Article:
The Gospel of Yes
by Mike Glenn
It’s never a good thing when an author totally misses the point of Scripture (or purposely misinterprets it) for the sake of an argument. It’s especially troubling when it forms the thesis of his entire book.
Within the very first section of The Gospel of Yes, Mike Glenn suggests that Matthew 5:37 (Let your ‘yes’ be ‘yes,’ and your ‘no,’ ‘no’) isn’t just about integrity and keeping your word. Instead, he suggests it’s about following God’s call on your life and only serving in ways that you are gifted. So, if someone asks you to help with a church dinner and your spiritual gift isn’t hospitality, then that’s a ‘no.’ But if they ask you to teach Sunday School and you are a gifted teacher, then it’s a ‘yes.’ He even goes so far as to suggest that doing anything in the ‘no’ category is demonic.
I didn’t agree with the interpretation of the verse or the application he gives, but at least I thought I knew what the book was about—discovering your spiritual gifts and using them.
Not so, my friend. He then veers in an entirely different direction, arguing that Christians have been against things for too long. We take political stances. We protest against sin. We use the 10 Commandments as weapons against people and focus on what not to do. All of this instead of being a people of ‘yes,’ who are for Christ, for God’s love, for the Bible, etc.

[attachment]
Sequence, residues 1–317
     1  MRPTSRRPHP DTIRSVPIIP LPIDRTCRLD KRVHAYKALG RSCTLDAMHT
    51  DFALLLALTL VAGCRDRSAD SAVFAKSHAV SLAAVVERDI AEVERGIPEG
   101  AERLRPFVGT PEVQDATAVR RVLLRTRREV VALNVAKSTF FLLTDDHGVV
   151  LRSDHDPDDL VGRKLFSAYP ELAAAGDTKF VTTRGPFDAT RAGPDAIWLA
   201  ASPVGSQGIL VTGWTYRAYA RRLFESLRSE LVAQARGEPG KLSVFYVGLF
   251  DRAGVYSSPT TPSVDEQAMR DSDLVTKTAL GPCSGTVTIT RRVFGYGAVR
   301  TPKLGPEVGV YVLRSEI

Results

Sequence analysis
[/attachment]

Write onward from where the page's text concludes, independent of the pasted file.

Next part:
I agree with this to an extent. I do believe that it’s dangerous when you ask a nonbeliever to tell you what Christianity is about, and all they can tell you is what we think is wrong. Clearly then we’re not sharing the message of salvation well.
So, then I thought—this book is about how we share the message of Christ!
Still not so, my friend! He then meanders—slowly—through a long explanation of every basic Biblical passage Old and New Testament. I began to wonder, what in the world is this book actually about and when is he really going to focus on The Gospel (as suggested by the title)? He covers Peter, Gideon, Moses, Jesus’ parables, Paul, Creation, Abraham . . . if it appears in Scripture, he loosely touches on it.
And loosely is part of the problem. It was all of the big stories from Scripture that we’ve heard a million times before without anything really interesting to say. The most he does is retell the same-old same-old and then spin it so that it shows how God was saying ‘yes’ to that person rather than ‘no.’
By the end of the book, he tries to return to both the spiritual gifts issue and the Christian church being for rather than against things. By then, I couldn’t tell a single person who asked me what this book is actually about. It’s about anything and everything that popped into the author’s head at any point it occurred to him.
As a high school English teacher, I made my students subject their work to an outline after their papers were completed. If they couldn’t re-order their ideas into a logical chain, making sure points A and B actually had anything to do with C, then they had to rework their paper. Unfortunately, this book completely fails the outline test.
The subtitle promises that this one truth he is going to share “changes everything.” Not so, my friend. Not so.
I received this book free from the publisher. I was not required to write a positive review and the opinions I have expressed are my own. I am disclosing this in accordance with the Federal Trade Commission’s 16 CFR, Part 255 : “Guides Concerning the Use of Endorsements and Testimonials in Advertising.”